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How Windsor Is Preparing For Its Second Royal Wedding Of 2018

HuffPost UK logo HuffPost UK 11/10/2018 Rachel McGrath

a group of people performing on stage in front of a building: The bunting is back up in Windsor © Geoffrey Swaine/REX/Shutterstock The bunting is back up in Windsor You wait seven years for a royal wedding, and then two come along at once. On Friday, Princess Eugenie and Jack Brooksbank will follow in Prince Harry and Meghan Markle’s footsteps, getting hitched at St George’s Chapel, Windsor Castle. 

It’s not just a venue that the princess – who is ninth in line to the throne – will share with her cousin either, as members of the public have once again been invited to line the town’s streets for a post-ceremony carriage procession. A lucky 1,200 people, this time selected via a ballot, have been invited to watch the proceedings on big screens in the castle grounds.

An event on this scale takes major preparation and in Windsor, local businesses and transport providers are readying themselves for another busy day. However, while the ceremony and reception will match the scale of Harry and Meghan’s May nuptials, the town is slightly more relaxed this time around.

Sarah Barton is assistant manager at the Duchess of Cambridge, a pub which sits opposite the end of the Long Walk – the 2.6 mile straight path that leads to the castle.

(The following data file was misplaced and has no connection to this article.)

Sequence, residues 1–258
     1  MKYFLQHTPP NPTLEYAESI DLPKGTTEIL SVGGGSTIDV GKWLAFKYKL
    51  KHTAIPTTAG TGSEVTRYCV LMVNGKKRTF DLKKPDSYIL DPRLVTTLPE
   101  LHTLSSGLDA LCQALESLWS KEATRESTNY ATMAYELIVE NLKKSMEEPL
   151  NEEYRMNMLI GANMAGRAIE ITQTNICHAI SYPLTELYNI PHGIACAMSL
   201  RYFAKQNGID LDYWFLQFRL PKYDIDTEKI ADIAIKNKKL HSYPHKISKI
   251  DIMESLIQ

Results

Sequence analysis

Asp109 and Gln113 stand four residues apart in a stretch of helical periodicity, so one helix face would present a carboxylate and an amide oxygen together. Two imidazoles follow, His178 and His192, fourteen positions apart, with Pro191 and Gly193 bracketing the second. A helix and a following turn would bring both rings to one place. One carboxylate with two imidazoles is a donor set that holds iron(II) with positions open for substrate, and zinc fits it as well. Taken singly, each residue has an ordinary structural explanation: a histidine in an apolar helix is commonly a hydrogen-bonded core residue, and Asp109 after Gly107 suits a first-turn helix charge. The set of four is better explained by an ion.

They’ve decorated the pub’s interior to mark the occasion and will have plenty of extra staff in, to cope with a “a very busy day”.

“We’ll open from 10am, which is earlier than normal,” she tells HuffPost UK. “We’re just making sure we can cater for everyone who comes through the door.”

Once the ceremony is over, Eugenie and Jack will take their places in a carriage for a short procession around Windsor,  but one thing they have planned differently is their procession route, as they will be taking a shorter, 15-minute trip instead of travelling down Long Walk.

(Slideshow by Insider)

This means the Duchess of Cambridge pub won’t be on Friday’s bunting-lined route and for this reason, Barton doesn’t anticipate that the pub will be “as busy” as on 19 May.